Do you think the Dublin Government is doing enough?
We shall also have to look at that as well but I must say that the IRA have also attacked in the Republic. They do not hesitate, when they need more money, to go and attack places where if they break in they will find it and they are not the least bit concerned about whom they may kill or maim on the way. It is in Dublin's interest as well to catch these people. These people are anti-democracy. They do not like the result of the ballot in Northern Ireland. Northern Ireland wants to stay with the United Kingdom. Because they do not like the result of the ballot, they[fo 5] think that they can bomb, maim and kill people out of their decisions and frighten others. They cannot! They will never win! But every single person must help to defeat them, otherwise the shooting and the killing will go on.
Finally, Prime Minister, on Iraq, what difference would an air embargo make?
It will tighten the shipping embargo. What is happening is that some critical supplies—they may be critical spare parts or particular things which Iraq wants—are being flown in. We have all noticed an increase in the number of flights over certain countries. That means that they are getting certain materials which are vital to them. We therefore have to take action and also have to try to enforce it and to ensure that when the flight plan is filed countries say: "If you are going to overfly our country and if we are going to give you permission to overfly our country, you must agree to land at a certain airfield in our country to have your cargo inspected!" and then there are certain international agreed ways of bringing an aircraft down, buzzing it to bring it down to inspect.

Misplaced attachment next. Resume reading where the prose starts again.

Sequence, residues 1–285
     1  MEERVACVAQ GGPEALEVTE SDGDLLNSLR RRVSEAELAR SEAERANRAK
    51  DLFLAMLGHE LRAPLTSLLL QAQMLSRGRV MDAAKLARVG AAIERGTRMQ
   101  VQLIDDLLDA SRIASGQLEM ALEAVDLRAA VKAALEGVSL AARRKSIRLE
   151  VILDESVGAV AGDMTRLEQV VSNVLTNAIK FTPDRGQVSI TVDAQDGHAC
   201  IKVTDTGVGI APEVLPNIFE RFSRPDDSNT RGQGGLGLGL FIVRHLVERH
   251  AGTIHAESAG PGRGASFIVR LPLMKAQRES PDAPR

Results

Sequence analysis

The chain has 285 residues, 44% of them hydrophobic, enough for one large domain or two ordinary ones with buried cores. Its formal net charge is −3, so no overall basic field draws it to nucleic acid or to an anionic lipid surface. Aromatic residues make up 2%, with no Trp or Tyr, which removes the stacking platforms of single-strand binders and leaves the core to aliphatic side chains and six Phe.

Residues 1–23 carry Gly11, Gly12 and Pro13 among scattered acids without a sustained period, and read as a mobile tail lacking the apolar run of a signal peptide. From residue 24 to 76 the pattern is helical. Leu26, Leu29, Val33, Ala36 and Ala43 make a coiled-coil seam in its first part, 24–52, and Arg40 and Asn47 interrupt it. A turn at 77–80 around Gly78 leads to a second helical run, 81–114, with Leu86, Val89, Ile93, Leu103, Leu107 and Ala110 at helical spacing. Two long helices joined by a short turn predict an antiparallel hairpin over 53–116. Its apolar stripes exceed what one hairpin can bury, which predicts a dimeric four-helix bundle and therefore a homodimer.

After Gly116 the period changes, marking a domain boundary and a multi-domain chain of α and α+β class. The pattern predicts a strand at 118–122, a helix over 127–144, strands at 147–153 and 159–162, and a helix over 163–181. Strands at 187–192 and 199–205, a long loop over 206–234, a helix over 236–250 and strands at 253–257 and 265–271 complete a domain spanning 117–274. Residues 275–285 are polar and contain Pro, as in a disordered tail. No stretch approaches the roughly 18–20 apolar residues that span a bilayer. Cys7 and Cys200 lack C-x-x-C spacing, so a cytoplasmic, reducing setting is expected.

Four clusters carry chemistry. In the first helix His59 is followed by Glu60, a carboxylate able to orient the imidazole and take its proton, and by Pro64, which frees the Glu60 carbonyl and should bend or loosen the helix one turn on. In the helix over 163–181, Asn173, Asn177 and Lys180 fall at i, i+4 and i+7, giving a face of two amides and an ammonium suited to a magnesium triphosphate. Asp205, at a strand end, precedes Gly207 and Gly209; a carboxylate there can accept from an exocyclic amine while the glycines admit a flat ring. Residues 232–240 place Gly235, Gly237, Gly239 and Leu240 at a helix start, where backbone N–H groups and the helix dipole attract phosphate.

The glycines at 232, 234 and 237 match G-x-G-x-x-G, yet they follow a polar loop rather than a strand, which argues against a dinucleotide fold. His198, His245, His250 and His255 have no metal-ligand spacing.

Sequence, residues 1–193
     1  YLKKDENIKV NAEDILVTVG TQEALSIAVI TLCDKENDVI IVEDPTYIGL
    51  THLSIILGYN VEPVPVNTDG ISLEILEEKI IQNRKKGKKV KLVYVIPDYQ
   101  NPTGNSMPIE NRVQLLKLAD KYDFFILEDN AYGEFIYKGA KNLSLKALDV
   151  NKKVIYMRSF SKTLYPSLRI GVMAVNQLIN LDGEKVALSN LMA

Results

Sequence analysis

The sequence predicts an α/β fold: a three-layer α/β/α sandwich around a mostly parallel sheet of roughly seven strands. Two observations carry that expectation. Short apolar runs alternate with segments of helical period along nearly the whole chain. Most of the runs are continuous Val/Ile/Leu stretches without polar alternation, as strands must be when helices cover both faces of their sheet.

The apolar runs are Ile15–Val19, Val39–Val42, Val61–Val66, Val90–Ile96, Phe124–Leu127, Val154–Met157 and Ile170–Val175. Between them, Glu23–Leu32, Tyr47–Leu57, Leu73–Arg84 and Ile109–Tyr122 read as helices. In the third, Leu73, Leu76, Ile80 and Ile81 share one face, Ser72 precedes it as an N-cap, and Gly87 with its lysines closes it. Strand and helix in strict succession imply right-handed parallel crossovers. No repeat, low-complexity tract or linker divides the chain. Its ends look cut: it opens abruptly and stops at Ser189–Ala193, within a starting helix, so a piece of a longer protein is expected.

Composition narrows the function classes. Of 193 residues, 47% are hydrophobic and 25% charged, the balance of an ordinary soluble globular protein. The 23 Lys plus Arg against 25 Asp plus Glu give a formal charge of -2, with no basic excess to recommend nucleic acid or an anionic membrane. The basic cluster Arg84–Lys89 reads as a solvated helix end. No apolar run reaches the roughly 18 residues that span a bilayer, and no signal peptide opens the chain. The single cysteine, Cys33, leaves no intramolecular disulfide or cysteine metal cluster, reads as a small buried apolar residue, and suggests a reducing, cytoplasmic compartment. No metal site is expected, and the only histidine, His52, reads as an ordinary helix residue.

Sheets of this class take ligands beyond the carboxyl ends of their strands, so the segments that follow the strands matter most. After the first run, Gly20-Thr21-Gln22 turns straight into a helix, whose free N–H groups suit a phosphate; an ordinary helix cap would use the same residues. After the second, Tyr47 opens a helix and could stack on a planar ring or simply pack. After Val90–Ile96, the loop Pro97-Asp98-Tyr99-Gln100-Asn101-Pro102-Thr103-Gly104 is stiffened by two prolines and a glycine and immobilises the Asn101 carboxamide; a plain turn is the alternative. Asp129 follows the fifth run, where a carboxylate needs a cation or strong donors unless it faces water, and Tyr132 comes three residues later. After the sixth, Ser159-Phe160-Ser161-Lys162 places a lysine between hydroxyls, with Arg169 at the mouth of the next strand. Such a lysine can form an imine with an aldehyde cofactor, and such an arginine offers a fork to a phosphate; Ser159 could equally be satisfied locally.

It may be that not all countries will operate that but we would soon see the ones who did not and report them to the Sanctions Committee. It is vital that the sanctions embargo is made to work 100 per cent.[fo 6]
And do you think Saddam Hussein can be defeated without recourse to military action?
That I do not know. I most earnestly hope so. The more absolute the embargo, the better the chances.